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A way out of pre-registration limbo?

23 June 2022
6 min read
Volume 31 · Issue 12

Against the backdrop of the Nursing and Midwifery Council's (NMC) recent approval for a public consultation on English language requirements for overseas-trained nurses (McClelland, 2022), this article examines the assumptions behind using language tests to establish proficiency for regulatory purposes.

The NMC stipulates that any overseas-trained nurse must not pose an unnecessary threat to patient safety due to language insufficiency and any ease in the language requirements should be met with caution. Therefore, it is prudent to examine whether or not the tests used are counter-intuitive to their purpose and whether lowering of test scores would lower the NMC regulatory standards.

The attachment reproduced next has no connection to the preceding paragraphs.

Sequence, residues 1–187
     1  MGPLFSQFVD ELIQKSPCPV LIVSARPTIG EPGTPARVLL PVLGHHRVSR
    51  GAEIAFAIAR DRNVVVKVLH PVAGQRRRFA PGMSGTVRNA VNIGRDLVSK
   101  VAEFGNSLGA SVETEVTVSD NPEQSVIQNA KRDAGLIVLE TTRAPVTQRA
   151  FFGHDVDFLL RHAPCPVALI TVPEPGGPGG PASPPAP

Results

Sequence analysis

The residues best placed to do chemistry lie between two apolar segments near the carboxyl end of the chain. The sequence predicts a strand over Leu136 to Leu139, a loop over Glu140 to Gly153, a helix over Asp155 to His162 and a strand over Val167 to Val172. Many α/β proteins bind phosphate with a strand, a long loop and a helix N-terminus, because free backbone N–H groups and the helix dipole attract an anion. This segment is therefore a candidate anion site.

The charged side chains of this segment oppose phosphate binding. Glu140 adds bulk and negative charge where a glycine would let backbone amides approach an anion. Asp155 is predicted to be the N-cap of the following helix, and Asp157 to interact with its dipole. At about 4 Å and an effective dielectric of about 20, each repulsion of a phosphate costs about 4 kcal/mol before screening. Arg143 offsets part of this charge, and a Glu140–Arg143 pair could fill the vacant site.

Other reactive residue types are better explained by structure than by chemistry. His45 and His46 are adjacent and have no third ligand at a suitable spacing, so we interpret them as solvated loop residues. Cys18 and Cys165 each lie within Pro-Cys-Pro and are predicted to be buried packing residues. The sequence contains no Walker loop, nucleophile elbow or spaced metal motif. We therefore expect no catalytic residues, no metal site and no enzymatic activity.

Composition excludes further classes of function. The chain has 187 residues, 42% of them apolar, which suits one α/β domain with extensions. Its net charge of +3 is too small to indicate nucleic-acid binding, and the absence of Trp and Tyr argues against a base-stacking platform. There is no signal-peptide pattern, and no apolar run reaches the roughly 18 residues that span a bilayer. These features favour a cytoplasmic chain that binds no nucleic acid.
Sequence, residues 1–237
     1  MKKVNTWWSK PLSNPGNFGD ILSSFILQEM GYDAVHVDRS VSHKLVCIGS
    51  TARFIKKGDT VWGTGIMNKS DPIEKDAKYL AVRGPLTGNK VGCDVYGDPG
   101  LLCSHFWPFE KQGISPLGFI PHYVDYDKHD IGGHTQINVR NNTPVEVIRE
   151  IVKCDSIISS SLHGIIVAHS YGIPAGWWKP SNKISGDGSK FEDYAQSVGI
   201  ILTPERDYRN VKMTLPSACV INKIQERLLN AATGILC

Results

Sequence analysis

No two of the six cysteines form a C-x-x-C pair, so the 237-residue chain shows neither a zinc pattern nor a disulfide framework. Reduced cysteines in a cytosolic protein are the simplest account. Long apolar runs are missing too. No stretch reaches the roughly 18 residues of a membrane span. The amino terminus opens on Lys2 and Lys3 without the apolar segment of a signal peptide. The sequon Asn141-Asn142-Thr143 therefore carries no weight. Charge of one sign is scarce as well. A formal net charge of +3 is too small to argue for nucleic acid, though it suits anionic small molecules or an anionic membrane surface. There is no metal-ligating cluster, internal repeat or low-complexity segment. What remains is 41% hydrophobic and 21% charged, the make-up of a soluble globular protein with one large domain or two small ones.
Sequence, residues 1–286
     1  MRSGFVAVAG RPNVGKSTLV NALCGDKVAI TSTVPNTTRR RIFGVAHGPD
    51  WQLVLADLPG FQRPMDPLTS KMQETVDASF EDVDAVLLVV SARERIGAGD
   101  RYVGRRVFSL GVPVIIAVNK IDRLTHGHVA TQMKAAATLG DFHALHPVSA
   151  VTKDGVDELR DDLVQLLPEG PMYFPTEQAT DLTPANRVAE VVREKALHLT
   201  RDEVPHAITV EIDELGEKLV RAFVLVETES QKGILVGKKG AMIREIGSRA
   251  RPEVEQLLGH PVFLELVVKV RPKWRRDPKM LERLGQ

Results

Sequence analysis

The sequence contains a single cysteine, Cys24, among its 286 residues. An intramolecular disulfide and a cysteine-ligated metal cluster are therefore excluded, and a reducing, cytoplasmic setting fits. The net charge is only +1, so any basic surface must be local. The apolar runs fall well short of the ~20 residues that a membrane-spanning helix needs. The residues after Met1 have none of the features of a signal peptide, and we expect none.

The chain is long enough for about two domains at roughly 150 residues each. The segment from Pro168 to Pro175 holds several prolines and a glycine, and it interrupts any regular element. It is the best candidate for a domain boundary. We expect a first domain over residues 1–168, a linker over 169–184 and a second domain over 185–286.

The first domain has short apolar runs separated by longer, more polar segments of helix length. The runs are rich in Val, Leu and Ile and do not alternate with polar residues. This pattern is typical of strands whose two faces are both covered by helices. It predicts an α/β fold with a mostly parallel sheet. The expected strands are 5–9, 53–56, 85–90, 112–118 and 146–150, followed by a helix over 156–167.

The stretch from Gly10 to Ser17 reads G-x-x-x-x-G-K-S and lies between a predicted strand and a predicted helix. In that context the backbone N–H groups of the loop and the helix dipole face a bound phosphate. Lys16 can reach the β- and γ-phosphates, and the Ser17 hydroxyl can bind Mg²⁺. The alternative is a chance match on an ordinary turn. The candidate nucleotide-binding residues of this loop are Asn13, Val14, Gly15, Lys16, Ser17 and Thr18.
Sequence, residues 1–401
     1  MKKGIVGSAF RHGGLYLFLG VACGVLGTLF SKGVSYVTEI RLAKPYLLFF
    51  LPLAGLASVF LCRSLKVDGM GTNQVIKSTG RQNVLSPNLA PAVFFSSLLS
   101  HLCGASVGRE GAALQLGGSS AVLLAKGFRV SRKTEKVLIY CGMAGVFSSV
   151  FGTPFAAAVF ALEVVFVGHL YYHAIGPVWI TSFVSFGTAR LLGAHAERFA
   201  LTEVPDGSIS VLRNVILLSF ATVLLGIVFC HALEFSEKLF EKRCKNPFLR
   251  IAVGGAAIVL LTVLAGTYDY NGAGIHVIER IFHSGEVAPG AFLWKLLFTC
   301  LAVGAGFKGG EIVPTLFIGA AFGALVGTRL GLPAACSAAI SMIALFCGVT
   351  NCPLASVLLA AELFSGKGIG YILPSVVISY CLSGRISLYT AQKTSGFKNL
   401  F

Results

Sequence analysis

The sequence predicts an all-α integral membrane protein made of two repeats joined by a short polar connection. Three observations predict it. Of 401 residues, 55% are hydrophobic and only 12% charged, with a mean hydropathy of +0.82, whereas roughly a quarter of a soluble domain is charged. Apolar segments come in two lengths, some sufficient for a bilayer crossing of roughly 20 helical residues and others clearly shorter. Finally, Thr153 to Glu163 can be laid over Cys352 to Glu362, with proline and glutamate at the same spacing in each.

Before the introduction of language tests in 2005, overseas nurses had to undergo an adaptation programme. However, there was a scarcity of NHS-based adaptation places and around 37 000 overseas educated nurses in the UK, at that time, were unable to start work. Rodgers et al (2014), among others, raised concerns and requested help for overseas nurses unable to obtain supervised adaptation placements and were working as healthcare assistants (HCAs).

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